Dry eye syndrome
Dry eye syndrome is when the tear glands produce fewer tears.
Keratitis sicca; Xerophthalmia; Keratoconjunctivitis sicca
Causes, incidence, and risk factors
Dry eye syndrome often occurs in people who are otherwise healthy. It is more common with older age, because you produce fewer tears with age.
In rare cases, it can be associated with rheumatoid arthritis, lupus erythematosus, and other similar diseases. It may also be caused by heat (thermal) or chemical burns.
In areas of the world where malnutrition is common, vitamin A deficiency is a cause. This is rare in the United States.
Signs and tests
Tests may include:
- Slit lamp (biomicroscope) exam of the film of tears (a dye such as fluorescein may be placed in the eye to make the tear film more visible)
- Schirmer's test -- measures the rate of tear production using a calibrated paper wick placed on the edge of the eyelid
Treatments may include:
- Wetting drops called artificial tears
- Lubricating ointments (in more severe cases)
- Tiny plugs placed in the tear drainage ducts to help the tears stay on the surface of the eye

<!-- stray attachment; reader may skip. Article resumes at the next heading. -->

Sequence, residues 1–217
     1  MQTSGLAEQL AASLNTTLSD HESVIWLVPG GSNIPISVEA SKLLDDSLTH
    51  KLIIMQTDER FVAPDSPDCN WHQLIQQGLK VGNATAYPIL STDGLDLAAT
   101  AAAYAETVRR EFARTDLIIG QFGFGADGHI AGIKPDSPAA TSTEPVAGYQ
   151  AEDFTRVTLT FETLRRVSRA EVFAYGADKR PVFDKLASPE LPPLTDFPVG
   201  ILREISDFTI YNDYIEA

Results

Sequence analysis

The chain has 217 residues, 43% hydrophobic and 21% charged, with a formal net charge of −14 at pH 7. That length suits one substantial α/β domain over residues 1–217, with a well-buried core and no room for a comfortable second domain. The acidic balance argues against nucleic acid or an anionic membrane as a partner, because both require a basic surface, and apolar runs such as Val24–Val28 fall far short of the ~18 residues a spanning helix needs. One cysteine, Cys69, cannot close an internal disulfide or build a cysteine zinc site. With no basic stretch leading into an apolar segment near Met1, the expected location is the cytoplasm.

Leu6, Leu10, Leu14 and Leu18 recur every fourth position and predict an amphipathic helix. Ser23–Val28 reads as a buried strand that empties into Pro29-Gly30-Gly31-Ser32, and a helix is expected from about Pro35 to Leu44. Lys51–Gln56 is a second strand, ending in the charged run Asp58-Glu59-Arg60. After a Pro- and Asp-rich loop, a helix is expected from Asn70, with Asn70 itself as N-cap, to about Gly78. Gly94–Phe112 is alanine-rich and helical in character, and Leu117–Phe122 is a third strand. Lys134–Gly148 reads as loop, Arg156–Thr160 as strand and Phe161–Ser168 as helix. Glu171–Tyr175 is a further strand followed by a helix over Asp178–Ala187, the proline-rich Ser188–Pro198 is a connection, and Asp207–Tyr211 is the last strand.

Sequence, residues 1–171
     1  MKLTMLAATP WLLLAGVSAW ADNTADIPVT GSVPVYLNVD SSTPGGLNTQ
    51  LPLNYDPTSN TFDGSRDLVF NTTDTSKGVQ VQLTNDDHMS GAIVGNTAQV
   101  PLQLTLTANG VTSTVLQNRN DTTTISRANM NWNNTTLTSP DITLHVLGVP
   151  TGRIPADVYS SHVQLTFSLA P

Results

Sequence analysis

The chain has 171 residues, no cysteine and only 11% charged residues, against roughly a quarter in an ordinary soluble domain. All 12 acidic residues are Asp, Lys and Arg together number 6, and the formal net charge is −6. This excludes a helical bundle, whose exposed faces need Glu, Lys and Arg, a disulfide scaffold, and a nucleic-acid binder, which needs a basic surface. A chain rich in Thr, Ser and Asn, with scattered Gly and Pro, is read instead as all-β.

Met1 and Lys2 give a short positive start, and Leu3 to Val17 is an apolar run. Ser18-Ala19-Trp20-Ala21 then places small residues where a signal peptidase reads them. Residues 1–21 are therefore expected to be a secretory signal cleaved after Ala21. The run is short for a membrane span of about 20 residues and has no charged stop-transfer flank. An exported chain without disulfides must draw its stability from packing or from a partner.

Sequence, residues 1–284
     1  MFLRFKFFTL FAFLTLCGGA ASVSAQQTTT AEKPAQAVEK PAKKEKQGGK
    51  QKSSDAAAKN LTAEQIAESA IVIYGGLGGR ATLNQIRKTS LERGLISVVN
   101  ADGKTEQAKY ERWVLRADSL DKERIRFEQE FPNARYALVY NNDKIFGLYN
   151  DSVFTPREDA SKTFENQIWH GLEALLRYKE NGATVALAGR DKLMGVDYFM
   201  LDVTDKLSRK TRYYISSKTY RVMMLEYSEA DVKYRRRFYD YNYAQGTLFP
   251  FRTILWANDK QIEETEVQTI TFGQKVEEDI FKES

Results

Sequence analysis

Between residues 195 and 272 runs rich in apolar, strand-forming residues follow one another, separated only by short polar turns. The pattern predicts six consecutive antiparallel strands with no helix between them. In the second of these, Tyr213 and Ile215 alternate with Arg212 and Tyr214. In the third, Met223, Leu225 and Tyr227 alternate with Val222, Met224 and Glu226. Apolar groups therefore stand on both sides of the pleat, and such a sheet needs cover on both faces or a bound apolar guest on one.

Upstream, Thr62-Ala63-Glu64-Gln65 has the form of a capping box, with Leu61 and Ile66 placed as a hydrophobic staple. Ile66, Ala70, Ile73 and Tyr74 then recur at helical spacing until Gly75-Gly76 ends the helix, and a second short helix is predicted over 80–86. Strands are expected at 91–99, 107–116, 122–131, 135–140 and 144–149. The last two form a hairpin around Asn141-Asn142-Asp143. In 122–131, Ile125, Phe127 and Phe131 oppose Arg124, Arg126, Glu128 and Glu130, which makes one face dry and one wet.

- Medications such as Restasis, topical corticosteroids, and oral tetracycline and doxyccycline
Surgery may be used if the eyelids are in an abnormal position.
Most patients with dry eye have only discomfort, and no vision loss. With severe cases, the clear window on the front of the eye (cornea) may become damaged or infected.
Ulcers or infections of the cornea are serious complications.
Calling your health care provider
See your health care provider immediately if you have dry eyes and have:
- A sudden increase in discomfort or redness
- A sudden decrease in vision
There is no way to prevent dry eye syndrome. You can prevent complications by using wetting and lubricating drops and ointments.
Paul B. Griggs, MD, Department of Ophthalmology, Virginia Mason Medical Center, Seattle, WA. Review provided by VeriMed Healthcare Network. Also reviewed by David Zieve, MD, MHA, Medical Director, A.D.A.M., Inc.
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